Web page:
Let’s start with the most recent news; yes. Yes, as you can see, after two previous failures in the kitchen, I finally managed to get choux right.

It was really a test run, so I didn’t have many filling options- I just wanted to make a basic choux! So when they puffed up into glorious golden spheres, I filled them with rasperry jam and ate them warm.

I need to invest in another piping set {Mine broke, unsuprisingly as it was 99p} and then when I give choux a go in the near future, I’ll try to create some lovely coffee and chocolate eclairs/profiteroles.

Now, in my last post I was super excited about my parents impending visit, and now it’s over, I’m quite sad really. It was lovely to see them both, but now I miss them even more and am looking more forward to going home at Christmas than ever.

We went to a really nice restaurant about 12 miles outside of Nottingham, in Gunthorpe, called Tom Brown’s brasserie. It was sleek, with a stylish interior, roaring fires, friendly staff, and the food…oh the food. So, darn, pretty.

It was a lovely meal throughout- but my focus is always on the last course! The highlight of the evening is normally the dessert for me.

And this one didn’t dissapoint- it wasn’t huge, but, it sure was delicious! A cinnamon and raisin cake, moist, with pistachio crumbs {which I can’t figure out how they were created, infuriangly!} and bourbon ice cream with drizzles of honey.

My dad also ordered the petite fours {one of the many reasons I love him} and they were really something special. Inside the chocolate dome there was a sweet ganache, and the white cube was white chocolate ganache. Mmmm. The macaron was one of the best I’ve had for its crisp bite, and the pate de fruit didn’t have a strong flavour, but an enjoyable texture.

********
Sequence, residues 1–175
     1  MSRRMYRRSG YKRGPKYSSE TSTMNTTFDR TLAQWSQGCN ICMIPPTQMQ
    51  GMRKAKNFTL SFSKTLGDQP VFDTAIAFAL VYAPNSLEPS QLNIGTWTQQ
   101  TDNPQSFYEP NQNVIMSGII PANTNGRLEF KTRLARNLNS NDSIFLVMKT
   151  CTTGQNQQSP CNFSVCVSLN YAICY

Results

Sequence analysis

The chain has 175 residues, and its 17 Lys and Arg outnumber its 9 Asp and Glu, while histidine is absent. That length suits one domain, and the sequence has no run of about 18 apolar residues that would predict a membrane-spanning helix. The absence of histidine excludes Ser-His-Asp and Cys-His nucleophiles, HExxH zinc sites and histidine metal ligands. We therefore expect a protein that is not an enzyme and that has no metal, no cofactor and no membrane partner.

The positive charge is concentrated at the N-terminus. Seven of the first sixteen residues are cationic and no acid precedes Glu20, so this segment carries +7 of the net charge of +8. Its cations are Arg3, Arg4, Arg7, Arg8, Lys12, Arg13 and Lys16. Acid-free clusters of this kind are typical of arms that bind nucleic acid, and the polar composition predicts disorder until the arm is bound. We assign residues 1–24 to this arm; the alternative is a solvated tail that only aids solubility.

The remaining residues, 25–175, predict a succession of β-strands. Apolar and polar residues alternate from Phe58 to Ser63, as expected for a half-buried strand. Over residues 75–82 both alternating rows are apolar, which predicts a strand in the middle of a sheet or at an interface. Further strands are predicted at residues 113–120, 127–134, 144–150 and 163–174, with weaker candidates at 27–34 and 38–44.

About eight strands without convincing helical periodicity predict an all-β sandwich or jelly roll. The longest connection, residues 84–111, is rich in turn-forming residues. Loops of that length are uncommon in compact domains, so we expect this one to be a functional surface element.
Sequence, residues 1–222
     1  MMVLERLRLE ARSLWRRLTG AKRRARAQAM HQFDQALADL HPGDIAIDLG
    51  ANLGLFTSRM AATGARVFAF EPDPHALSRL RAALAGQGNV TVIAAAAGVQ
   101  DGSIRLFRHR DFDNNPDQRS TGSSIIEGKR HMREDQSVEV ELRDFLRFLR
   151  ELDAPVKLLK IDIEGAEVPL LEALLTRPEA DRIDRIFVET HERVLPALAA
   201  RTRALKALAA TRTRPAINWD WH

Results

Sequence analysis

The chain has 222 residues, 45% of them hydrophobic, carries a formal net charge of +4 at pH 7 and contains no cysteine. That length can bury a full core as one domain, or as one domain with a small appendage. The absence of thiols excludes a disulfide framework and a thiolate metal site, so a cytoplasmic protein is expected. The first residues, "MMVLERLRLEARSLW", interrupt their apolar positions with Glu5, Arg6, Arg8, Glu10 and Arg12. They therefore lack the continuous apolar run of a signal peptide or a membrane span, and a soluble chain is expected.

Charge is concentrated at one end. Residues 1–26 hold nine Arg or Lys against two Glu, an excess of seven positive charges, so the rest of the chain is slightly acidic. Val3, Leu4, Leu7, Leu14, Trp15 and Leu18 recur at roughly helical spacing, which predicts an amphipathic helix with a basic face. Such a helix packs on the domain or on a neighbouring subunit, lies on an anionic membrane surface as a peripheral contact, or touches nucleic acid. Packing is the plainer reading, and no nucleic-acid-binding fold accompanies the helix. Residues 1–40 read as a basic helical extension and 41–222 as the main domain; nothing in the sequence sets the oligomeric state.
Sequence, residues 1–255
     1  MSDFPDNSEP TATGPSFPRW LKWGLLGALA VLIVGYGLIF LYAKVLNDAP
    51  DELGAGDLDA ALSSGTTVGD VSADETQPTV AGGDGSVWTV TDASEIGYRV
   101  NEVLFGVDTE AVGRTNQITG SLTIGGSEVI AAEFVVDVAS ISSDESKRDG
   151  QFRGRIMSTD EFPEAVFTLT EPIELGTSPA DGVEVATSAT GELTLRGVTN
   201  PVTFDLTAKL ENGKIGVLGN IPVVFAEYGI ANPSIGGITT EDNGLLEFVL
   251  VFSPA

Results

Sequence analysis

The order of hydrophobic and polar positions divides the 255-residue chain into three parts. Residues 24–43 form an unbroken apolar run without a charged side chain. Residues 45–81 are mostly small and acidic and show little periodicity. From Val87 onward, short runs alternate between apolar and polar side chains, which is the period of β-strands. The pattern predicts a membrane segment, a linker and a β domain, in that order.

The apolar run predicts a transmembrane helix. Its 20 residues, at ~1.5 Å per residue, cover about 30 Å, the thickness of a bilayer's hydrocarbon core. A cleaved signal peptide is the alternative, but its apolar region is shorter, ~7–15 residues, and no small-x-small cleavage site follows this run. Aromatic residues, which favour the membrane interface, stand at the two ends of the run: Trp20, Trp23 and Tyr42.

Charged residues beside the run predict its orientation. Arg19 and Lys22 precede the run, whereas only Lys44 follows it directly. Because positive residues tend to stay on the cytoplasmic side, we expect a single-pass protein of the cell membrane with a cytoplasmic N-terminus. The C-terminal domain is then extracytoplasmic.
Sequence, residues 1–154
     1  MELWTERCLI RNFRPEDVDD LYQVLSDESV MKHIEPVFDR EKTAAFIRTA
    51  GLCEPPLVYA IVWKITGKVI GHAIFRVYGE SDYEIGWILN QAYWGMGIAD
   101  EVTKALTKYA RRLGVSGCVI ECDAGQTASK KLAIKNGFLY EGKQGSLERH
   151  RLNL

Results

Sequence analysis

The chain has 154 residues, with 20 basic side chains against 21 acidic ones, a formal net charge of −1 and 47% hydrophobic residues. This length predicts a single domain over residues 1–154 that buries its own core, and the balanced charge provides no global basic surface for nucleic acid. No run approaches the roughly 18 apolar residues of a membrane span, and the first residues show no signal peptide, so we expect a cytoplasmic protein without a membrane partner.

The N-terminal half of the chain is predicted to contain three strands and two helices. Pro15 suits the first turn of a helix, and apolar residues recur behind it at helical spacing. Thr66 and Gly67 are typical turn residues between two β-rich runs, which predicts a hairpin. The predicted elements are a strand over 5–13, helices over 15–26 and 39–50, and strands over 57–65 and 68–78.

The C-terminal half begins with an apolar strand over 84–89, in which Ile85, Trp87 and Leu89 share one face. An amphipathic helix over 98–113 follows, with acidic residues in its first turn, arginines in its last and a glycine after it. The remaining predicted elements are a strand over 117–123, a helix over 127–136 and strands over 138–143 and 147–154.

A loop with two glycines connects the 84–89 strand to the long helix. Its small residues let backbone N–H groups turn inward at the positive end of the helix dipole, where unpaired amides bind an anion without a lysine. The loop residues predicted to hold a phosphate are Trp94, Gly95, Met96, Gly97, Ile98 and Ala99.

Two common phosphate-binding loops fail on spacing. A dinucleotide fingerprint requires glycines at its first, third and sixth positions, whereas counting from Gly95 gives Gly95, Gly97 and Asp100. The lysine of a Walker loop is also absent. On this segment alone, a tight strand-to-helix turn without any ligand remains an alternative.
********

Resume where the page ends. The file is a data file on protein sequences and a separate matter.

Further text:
I was quite nervous leading up to the meal because I wanted to share my news with them- that after university, I want to go down a cooking route. They took it really well, and were incredibly supportive; I feel like it’s really something within my grasp now, something I can throw myself into when I’ve finished my degree.

Other food-related bonuses of the night included some welsh cakes (like a dense, pancake/scone with cinnamon and sultanas) and a bara birth (a loaf/cake with tea soaked raisins, cinamon, and literally translates to ‘speckled bread’), the latter generously sent along by my parents friends, who’d they been staying with in Wales.

Also, as my parents had been with my brother beforehand, I received a whole array of unusual asian goodies from Newcastle’s chinatown; which I’ve steadily been devouring happily.

So all in all, an excellent visit!


2 thoughts on “Third time’s the charm.

  1. Choux pastry is often taken for granted as an ‘easy’ pastry to make but that’s far from the truth! I’ve had my fair share of deflated choux buns in the past so nowadays I make doubly sure that they’re fully baked through and let them have plenty of time to get rid of the internal steam.

    By the way, are you French by any chance? I’m asking purely because you’ve got a french name. 🙂

    1. Yes! They were certainly more of a challenge than I had anticipated. Hopefully now that I know where I went wrong, next time the first batch will be successful ^^’

      & I’m half french yes! Although I was raised in England, I have family in France and such 🙂

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